Moral of the story – Marriage is the death of a relationship.  

It should be mandatory to sign a prenup that reads a one and only lonely blanket statement.  Get wedded at your own risk.  All of the expensive divorces like the rumored Roshan one, the nasty ones like the Cruise one and just to keep it all real, the Rakhi Sawant-Abhishek Awasthi potboiler for good measure should be made compulsory to research and watch and read about.  Notes should be taken and maintained on how to avoid similar pitfalls.  Like Aniston should’ve just dialled up the crazy and had Pitt’s blood in a vial around her neck to save her from impending D-oom.

How else do you explain Vanessa Paradis and Johnny Depp surviving celebhood and sticking it together for 17 years?  They evaded this marriage route entirely.  Mark my words, in my lifetime they will pull a Burton and Taylor again.  They have to.  I am a complete romantic at heart after all.  I have the faith.

Even the Indian Supreme court got out a ruling earlier this year.. People who cohabitate without officiating their union earn the same benefits post fatality of the partner.. Who are we mere minions under the law of the land to refute that?  What makes the whole nine yards appealing anymore?  I’m sure Modi and his name woven suits are enough to sustain the economy that weddings in our country generate 😉

Que se ra se ra is alright for the french.. But if we’ve adopted their kissing style shouldn’t we adopt their ways of relationships entirely?  Isn’t it fun to read about Bruni and Sarkozy unlike Hillary & Bill?
Even in the movie Hitch, dude only shows you how to get the object of your affections.  Beyond that even God couldn’t save you.

Yours in reality,
The Relationship Gourmand

Disclaimer – This article was not remunerated by Kohler for their ad on the launch of Veil.  Despite that, we thank them for small mercies on a toilet seat that is in fact more intuitive than the beau.

About the author:

Pour oil into fire only to pour water into the fire. Santoshi is the igniter and the extinguisher. Womanhood, nay peoplehood is her playground, and the sinister mind, her weapon of choice.  Through the flowing, dripping, oozing coloured oily liquid that was once known as ink she explores and meanders for the semi conscious mind from the shallows of the depth that is loosely termed as humanity.


On single parenting and how two is not always better than one

So, why haven’t you written about single parenting yet, asked a reader. I didn’t really have an answer to that, except the fact that I write mostly about what I know, and I don’t think I know entirely what single parenting is all about. Because technically, I am not a single parent. This means that I have a spouse on paper, and he does pitch into the financial aspects of parenting, but for the most part, I feel like I’m parenting solo.

I once wrote that I was practically a single parent in one of my columns, and got a rather acerbic email from someone who was one and who told me I had no right to accord myself that status until I was actually one. She was right. But that got me thinking. What made me different? Just a technicality?

We all know what a tedium collaborative parenting can be, although I do know a few people who are winging it. But they are still exceptions. We have seen our parents at cross-wires when raising us. We don’t have to do the same thing to our children. Very often, two-parent households are a sham, a window display for what actually is single parenting.

Okay, pull back those daggers.

Of course raising children alone is tough, but sometimes it may be psychologically tougher in a two-parent household. I often see couples with children at malls, brunches, movie halls and holiday resorts, resentfully going through the motions of parenting while staring at their screens or avoiding eye contact with each other. And I wonder: how exactly do children benefit from this? When I see couples arguing at airports, restaurants, fitting rooms, toy and bookshops over trivial things escalating to big things, I wonder: is it worth it to stay together ‘for the sake of the children’?. When I look at my own friend circle and see robotic marriages and equally robotic kids, I know the togetherness is plastic, because even their shiny happy selfies look unreal. Because life is not Instagram.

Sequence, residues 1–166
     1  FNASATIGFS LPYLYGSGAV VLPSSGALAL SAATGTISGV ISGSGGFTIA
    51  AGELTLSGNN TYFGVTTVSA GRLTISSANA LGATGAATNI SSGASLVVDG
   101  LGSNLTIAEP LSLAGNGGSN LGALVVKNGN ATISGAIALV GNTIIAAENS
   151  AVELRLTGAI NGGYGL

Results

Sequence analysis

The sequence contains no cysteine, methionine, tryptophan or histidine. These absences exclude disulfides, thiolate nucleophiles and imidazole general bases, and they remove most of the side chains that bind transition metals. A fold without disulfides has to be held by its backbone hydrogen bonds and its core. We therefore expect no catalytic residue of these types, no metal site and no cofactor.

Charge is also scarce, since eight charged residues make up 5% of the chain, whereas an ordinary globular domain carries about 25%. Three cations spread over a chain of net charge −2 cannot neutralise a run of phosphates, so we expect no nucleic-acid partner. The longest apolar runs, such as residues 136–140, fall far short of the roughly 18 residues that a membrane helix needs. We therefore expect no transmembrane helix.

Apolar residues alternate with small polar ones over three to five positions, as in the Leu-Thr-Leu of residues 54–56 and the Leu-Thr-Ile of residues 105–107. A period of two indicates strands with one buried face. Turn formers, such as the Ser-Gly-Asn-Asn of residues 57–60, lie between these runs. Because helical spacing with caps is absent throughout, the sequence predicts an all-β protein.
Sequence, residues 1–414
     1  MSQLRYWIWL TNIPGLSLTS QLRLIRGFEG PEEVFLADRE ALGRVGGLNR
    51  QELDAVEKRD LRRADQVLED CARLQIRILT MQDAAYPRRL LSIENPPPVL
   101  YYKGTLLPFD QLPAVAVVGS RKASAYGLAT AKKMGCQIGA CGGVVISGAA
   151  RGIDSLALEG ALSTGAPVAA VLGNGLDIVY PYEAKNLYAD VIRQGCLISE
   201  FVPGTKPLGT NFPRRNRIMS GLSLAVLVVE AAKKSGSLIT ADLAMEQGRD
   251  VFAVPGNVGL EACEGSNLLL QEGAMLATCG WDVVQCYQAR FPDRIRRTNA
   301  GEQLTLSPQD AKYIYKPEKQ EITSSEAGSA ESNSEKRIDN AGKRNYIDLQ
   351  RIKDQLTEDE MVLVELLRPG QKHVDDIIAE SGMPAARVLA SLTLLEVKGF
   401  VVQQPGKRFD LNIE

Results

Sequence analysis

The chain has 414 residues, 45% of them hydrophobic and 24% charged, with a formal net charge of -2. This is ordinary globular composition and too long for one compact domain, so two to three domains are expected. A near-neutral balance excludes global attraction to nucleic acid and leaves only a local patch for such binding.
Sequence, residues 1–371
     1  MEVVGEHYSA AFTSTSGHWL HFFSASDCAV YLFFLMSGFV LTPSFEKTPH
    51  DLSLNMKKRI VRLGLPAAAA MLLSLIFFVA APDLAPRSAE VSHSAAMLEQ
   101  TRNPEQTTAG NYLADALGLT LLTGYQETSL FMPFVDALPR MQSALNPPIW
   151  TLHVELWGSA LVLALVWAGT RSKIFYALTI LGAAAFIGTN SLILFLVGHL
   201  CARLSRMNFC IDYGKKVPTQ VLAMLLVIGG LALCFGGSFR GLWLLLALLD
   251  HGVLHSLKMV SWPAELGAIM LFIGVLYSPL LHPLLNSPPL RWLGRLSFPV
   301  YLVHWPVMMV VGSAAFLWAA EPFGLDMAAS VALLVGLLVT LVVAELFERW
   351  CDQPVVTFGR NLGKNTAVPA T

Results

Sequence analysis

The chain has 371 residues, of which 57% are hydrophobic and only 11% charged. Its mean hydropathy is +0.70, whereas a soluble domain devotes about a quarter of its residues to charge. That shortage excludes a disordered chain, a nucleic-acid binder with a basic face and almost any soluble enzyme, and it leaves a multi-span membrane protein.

It’s better for the children, they say, and stick around, silently killing each other and their children, every single day. When they talk to single parents, they are often looking for stories of behaviour disorders, psychological breakdowns and other lurid details in the subtext, trying to console themselves they are glad they ‘stuck it out”. But they are often disappointed to find out that the kids are alright.

Children need to see you as whole, and not just a part of a dysfunctional parental unit, which is what happens in most ‘normal’ households, and that’s perhaps why single parenting is more harmonious. Once freed of the ‘spouse’ tag, fathers and mothers have more room to be themselves and hence, better parents. Being married often comes in the way of being a good parent, because the person you married is also the person who questions and contests every parenting decision, big or small. Or whose point of view (however polar it is to yours) has to be factored in, because that makes for a good partnership. Sometimes, being a single parent might just be the thing that makes you like the person you married a wee bit more. I find that once you get past the financial implications of it, single parenting may actually be more efficient. I also know the D word is not to be taken lightly, but in today’s world where single parenting is more the norm than the exception, it might just help to say some things out loud:

  1. That doing something alone may actually be easier than constantly arguing about who does what, and then making sure the said person does it.
  2. That making the rules without having to go through the charade of having someone “on the same page” can be liberating.
  3. That unilateral choices do more good than harm in the long run.
  4. That having someone always undermining your authority is neither good for you, nor the children, in the long run.